Have you witnessed significant changes in governance operations since you began your career as a corporate secretary or other governance professional? Your answer may depend in part on how long you’ve been in the career.
In 2019, attention to disclosure, transparency and best practices is the norm. Some of these enhanced practices, regardless of where a board is based, are attributable to U.S. legislation. However, it wasn’t solely U.S. boards that paid attention when the U.S. Congress passed legislation in 2002 to protect investors after the failures of Enron and the financial institutions involved in the collapse.
When the Sarbanes-Oxley (SOX) Act of 2002 mandated significant reforms to U.S. business practices, Canadian and other boards also took notice. “SOX” became part of the vernacular for governance professionals in multiple countries. It didn’t matter whether you supported a corporate, public or other board; Sarbanes-Oxley served as a wakeup call for improved corporate responsibility – which meant improved governance practices.
It’s not only the Sarbanes-Oxley Act, though, that has influenced 21st-century corporate governance in Canada. Canada’s own federal and provincial legislation, as well as securities and stock market regulations, have enacted changes to governance practices.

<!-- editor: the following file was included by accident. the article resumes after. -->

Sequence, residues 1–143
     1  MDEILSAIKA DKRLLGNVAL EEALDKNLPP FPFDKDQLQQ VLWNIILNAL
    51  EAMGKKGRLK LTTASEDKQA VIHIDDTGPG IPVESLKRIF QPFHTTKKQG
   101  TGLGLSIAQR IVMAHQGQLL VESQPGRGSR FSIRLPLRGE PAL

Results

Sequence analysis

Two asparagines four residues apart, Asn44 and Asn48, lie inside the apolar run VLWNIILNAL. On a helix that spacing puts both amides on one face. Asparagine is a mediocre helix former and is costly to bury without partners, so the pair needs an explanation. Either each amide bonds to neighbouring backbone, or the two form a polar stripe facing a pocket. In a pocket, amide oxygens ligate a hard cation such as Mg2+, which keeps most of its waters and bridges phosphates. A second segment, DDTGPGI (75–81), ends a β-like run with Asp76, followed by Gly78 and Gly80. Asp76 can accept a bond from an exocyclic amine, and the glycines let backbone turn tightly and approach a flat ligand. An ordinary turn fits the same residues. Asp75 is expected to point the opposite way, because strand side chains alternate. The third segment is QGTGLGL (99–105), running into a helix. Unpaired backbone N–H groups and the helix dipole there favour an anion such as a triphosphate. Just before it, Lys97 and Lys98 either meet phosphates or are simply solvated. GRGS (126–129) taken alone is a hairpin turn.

Changes in Canadian Corporate Governance
In Canada, duty of care has long been a core governance principle. Directors are expected to “exercise the care, diligence and skill that a reasonably prudent individual would exercise in comparable circumstances.” It’s also a given in Canada that directors shall understand and fulfill their fiduciary duties. This implies loyalty and setting aside one’s personal interests in order to safeguard and act in the best interests of the corporation.
There are provincial, territorial and federal laws to guide corporate governance in Canada. Each province and territory has legislation in the form of a Companies Act or Business Corporation Act. Canadian corporations and their boards must also adhere to legislation in the form of the Canada Business Corporations Act (CBCA). It’s the CBCA that defines duty of care for Canadian corporations’ directors and officers. Corporate board directors are expected to know the law and their responsibilities as detailed in the legislation, and they can be held accountable for both their actions and inactions.
The CBCA came into effect in 1975 and represented the outcome of a task force formed roughly eight years earlier. The Proposal for a New Business Corporations Law for Canada, published in 1971, noted that corporation law had not changed appreciably in a century – and that the Canada Corporations Act had not been comprehensively amended since 1934.